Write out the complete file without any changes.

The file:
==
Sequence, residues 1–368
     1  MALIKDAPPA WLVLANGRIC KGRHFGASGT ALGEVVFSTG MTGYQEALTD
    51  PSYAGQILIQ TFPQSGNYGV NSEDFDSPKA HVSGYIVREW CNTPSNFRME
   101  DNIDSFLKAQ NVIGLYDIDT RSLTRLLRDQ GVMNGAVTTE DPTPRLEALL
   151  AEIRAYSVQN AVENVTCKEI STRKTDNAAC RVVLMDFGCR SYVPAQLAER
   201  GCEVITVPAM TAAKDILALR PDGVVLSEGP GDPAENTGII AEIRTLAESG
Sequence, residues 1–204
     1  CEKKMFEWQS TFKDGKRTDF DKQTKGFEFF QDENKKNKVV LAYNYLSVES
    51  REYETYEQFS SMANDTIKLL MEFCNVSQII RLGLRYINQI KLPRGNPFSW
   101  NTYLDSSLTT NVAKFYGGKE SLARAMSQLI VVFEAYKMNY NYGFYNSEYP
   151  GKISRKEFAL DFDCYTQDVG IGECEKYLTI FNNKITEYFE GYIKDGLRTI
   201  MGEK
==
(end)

Sequence, residues 1–368
     1  MALIKDAPPA WLVLANGRIC KGRHFGASGT ALGEVVFSTG MTGYQEALTD
    51  PSYAGQILIQ TFPQSGNYGV NSEDFDSPKA HVSGYIVREW CNTPSNFRME
   101  DNIDSFLKAQ NVIGLYDIDT RSLTRLLRDQ GVMNGAVTTE DPTPRLEALL
   151  AEIRAYSVQN AVENVTCKEI STRKTDNAAC RVVLMDFGCR SYVPAQLAER
   201  GCEVITVPAM TAAKDILALR PDGVVLSEGP GDPAENTGII AEIRTLAESG
Sequence, residues 1–204
     1  CEKKMFEWQS TFKDGKRTDF DKQTKGFEFF QDENKKNKVV LAYNYLSVES
    51  REYETYEQFS SMANDTIKLL MEFCNVSQII RLGLRYINQI KLPRGNPFSW
   101  NTYLDSSLTT NVAKFYGGKE SLARAMSQLI VVFEAYKMNY NYGFYNSEYP
   151  GKISRKEFAL DFDCYTQDVG IGECEKYLTI FNNKITEYFE GYIKDGLRTI
   201  MGEK